The European Union, being one of the most active external mediators, has tried to bring Azerbaijan and Armenia back to the negotiating table regarding the use of the two roads. The latest round of peace talks between Azerbaijan’s President Ilham Aliyev and Armenia’s Prime Minister Nikol Pashinyan, which took place on July 15 in Brussels with the mediation of European Commission’s President Charles Michel, covered the potential use of the Aghdam Road and the reopening of the Lachin Corridor.  Following the recent rise in tensions, Michel announced on September 1 that the EU has proposed “a step-by-step approach which would reflect a sequencing in the full-fledged operation of the Lachin Corridor and the opening of the Aghdam route.” It was also noted that the Aghdam Road can also be part of a “concrete and sustainable solution to the provision of urgent and daily basic needs” of the Armenians residing in Karabakh. The re-intensification of Brussels’ diplomatic engagement can potentially de-escalate the situation on the ground, urging the two sides to come to a comprehensive peace agreement that involves respect for each other’s territorial sovereignty.

Looking at the recent developments, the Caspian Policy Center’s (CPC) Advisory Board Member and former U.S. Co-Chair of the Organization for Security and Cooperation in Europe (OSCE) Minsk Group, Ambassador Richard Hoagland, noted: “The Armenians in Karabakh, backed by the leadership in Yerevan, are refusing food, medicine, and other humanitarian supplies from Azerbaijan via the Aghdam-Khakendi Road and are insisting that these things must come directly from Armenia via the Lachin Corridor Road.  Why?  Accepting these essential supplies from Azerbaijan would de facto mean that they accept the sovereignty of Azerbaijan in Karabakh.  The Armenian government, so far, is backing up the Karabakhi Armenians because it faces strong political opposition from the dashnaks [radically proKarabakh activists] who insist that Karabakh (or what they still have of it) will forever be Armenia and never ruled by Azerbaijan.”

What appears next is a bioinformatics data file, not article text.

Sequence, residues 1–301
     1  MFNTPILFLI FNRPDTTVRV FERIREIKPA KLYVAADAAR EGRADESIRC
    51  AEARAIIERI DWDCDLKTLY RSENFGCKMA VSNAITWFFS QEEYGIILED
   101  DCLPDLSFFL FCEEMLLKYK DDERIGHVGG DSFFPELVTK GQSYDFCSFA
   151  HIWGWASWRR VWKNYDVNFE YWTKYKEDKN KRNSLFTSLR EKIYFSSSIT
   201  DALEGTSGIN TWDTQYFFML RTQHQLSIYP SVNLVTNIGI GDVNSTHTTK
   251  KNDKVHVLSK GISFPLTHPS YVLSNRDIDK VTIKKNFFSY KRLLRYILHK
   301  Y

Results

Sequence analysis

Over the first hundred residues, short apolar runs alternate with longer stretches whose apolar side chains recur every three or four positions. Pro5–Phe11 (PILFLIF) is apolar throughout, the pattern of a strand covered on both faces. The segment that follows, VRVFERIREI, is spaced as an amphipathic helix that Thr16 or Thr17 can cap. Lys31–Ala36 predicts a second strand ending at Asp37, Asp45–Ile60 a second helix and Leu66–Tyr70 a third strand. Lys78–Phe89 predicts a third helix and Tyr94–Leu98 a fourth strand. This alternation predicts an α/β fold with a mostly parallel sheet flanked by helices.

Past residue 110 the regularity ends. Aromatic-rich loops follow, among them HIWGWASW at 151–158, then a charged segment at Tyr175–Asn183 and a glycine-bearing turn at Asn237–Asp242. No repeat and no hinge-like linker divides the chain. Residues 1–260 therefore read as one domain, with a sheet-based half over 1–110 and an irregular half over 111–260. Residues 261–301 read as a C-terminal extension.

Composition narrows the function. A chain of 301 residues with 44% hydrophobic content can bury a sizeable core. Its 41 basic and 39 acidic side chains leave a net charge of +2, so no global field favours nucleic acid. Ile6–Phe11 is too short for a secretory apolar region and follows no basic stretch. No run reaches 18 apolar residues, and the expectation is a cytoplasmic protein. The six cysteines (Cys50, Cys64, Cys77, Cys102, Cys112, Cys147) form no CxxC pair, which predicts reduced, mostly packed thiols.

Speaking on Russia’s role in the conflict, Hoagland argued: “I firmly believe Moscow does not want the Karabakh issue resolved once and for all. Moscow wants Karabakh to continue as one of the post-Soviet “prolonged conflicts” so that neither Yerevan nor Baku will have full freedom to choose their own international partners.  Putin wants the South Caucasus to stay firmly within the Kremlin’s “sphere of influence.”

Despite heightened tension between Azerbaijan and Armenia, it is imperative that the two countries maintain a dialogue. The two countries are forever linked to one another by geography and history, and it is up to them to foster trust and an eventual working relationship side by side. Outside parties who seek to prolong a wedge between the two nations ultimately hurt both sides, because it is the Armenian and Azerbaijani people who both suffer as this conflict continues. As noted by the Acting Assistant Secretary of the U.S. State Department’s European and Eurasian Affairs Yuri Kim during her phone conversations with the Foreign Ministers of Armenia and Azerbaijan, the sides should work together to “immediately and simultaneously open Lachin and other routes” in order to get humanitarian supplies to Karabakh.